When your employer pressures you to use annual leave during periods of unpaid sick leave or workers compensation, it can be hard to say no. However, employee rights concerning illness-induced absences are enshrined within Australian law.
Under some registered agreements and awards, employers can direct their employees to take annual leave, but the requirement must be reasonable. Agreements and awards often list such a requirement in circumstances where employees have accrued significant amounts of annual leave or over periods of business closure (like Christmas or New Year).
If your employment is not covered by an award or agreement, the National Employment Standards allows employers to direct their employees to take annual leave if the requirement is reasonable.
An employee’s contract may also contain a clause permitting the employer to direct the employee to take leave. These clauses will generally align with the National Employment Standards or the relevant award/agreement.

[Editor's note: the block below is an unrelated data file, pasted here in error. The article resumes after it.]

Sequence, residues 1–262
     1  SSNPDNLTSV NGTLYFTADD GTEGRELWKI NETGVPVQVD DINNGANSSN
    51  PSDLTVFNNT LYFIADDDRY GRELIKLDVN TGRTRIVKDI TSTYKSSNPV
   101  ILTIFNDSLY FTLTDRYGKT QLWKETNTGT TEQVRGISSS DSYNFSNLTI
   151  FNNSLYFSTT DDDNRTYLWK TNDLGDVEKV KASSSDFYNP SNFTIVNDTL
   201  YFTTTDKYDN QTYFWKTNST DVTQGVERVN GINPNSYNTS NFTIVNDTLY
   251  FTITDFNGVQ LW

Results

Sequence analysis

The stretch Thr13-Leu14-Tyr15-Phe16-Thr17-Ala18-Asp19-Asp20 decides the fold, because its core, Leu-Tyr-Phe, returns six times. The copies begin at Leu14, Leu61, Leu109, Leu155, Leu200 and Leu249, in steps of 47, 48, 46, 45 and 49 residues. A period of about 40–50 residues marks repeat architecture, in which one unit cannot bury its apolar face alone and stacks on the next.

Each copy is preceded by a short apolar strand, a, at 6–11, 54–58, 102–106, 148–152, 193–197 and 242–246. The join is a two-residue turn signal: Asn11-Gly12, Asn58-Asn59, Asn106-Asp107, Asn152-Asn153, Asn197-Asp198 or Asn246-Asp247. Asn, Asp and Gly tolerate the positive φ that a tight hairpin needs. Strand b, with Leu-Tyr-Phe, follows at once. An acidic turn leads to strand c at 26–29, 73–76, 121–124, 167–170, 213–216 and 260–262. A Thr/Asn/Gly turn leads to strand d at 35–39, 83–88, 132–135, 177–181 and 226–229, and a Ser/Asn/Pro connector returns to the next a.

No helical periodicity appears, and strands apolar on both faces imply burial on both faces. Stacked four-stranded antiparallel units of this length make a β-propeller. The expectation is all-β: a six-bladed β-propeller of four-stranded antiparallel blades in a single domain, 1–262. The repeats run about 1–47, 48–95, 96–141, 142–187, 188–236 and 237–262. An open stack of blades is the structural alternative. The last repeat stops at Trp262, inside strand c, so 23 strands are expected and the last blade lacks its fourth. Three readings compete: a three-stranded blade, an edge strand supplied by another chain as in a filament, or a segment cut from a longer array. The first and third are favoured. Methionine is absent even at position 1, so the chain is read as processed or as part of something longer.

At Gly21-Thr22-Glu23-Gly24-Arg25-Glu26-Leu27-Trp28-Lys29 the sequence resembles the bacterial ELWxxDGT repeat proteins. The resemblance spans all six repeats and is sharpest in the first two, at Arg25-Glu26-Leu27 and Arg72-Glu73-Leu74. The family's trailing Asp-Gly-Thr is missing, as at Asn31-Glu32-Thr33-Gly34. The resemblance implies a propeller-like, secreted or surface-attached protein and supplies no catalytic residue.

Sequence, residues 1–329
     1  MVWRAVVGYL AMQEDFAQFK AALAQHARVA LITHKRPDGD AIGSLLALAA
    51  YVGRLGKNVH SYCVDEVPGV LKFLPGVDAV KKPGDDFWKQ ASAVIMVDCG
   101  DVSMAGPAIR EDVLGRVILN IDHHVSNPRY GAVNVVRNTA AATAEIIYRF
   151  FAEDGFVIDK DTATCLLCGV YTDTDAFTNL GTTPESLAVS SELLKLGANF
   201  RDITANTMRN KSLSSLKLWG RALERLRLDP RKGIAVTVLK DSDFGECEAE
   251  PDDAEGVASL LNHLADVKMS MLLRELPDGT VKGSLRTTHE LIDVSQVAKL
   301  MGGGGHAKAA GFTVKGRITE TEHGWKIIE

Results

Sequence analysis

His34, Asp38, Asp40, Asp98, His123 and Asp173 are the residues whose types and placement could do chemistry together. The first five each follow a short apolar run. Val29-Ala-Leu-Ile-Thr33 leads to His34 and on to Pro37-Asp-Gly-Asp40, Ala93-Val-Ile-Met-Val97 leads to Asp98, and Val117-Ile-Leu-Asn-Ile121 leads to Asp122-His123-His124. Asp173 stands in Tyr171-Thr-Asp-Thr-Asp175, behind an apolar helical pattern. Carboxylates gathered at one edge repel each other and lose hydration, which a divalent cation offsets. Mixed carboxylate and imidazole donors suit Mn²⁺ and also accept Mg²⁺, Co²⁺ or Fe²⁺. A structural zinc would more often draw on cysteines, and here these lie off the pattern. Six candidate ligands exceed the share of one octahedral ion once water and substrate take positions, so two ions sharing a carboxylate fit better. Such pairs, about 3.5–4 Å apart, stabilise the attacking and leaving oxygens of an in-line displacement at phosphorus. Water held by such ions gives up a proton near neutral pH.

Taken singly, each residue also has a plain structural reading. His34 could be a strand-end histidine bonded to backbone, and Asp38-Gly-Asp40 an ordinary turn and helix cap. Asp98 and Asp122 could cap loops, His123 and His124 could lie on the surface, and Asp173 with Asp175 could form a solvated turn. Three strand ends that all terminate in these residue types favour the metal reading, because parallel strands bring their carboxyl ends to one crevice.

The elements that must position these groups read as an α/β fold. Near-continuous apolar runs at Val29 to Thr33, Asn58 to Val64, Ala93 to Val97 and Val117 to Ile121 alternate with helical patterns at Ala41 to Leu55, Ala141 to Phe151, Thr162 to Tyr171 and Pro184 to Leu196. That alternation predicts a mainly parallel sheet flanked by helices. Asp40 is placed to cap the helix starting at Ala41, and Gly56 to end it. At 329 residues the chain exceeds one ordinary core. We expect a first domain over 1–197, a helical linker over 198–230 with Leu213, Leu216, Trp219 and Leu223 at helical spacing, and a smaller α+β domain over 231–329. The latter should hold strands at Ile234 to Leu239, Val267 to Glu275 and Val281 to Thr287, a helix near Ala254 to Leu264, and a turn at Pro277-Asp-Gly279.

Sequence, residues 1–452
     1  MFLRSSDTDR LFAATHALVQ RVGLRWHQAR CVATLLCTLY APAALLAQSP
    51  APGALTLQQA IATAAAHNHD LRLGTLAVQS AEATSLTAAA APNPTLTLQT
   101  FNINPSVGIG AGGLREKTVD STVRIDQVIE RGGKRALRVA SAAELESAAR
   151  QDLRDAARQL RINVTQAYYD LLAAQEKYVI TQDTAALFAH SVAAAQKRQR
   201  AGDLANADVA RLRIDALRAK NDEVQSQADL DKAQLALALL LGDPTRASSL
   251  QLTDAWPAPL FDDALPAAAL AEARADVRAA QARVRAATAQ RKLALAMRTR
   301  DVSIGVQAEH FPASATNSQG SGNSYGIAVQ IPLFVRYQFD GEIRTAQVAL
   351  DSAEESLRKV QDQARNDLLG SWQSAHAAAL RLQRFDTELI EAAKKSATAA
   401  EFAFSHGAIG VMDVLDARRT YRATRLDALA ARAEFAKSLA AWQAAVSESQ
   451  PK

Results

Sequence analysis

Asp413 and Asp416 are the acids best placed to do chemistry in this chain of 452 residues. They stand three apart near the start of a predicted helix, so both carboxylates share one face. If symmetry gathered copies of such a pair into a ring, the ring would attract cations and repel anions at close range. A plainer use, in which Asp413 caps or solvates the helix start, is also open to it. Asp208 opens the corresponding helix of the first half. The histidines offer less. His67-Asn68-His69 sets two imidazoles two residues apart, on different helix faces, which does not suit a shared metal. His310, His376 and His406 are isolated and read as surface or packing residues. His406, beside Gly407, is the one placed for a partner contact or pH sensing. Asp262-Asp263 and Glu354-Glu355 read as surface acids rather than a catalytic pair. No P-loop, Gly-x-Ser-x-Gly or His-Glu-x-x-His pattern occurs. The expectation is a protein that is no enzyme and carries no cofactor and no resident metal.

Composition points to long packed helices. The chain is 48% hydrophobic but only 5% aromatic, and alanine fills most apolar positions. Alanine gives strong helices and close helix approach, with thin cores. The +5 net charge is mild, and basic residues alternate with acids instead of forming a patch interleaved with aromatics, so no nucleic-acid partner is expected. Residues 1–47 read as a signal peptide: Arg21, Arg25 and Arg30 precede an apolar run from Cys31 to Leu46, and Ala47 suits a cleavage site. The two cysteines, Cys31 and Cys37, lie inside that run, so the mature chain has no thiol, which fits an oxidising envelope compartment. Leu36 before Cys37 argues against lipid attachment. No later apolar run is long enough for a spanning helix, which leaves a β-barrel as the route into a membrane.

Without making a reasonable requirement as referenced above, an employer cannot require an employee to use their annual leave. During periods of temporary absence for illness or injury, section 352 of the Fair Work Act 2009 (Cth) prescribes that an employer cannot dismiss an employee for that illness or injury. However, this protection only extends for three months unless the employee is on paid sick leave. After three months of unpaid leave, an employer may move to dismiss the employee, citing a lack of capacity to complete the inherent requirements of the role.
Similarly, annual leave cannot be directed without the aforementioned reasons. If your employer seeks to terminate you because of your WorkCover claim or attempts to alter your role without a genuine reason, their conduct may amount to a breach of section 340 of the Fair Work Act 2009 (Cth). This will be the case where they have taken adverse action in the form of a dismissal or position alteration for a prohibited reason.
If you have concerns about your leave entitlements, speak to an employment lawyer for clarification.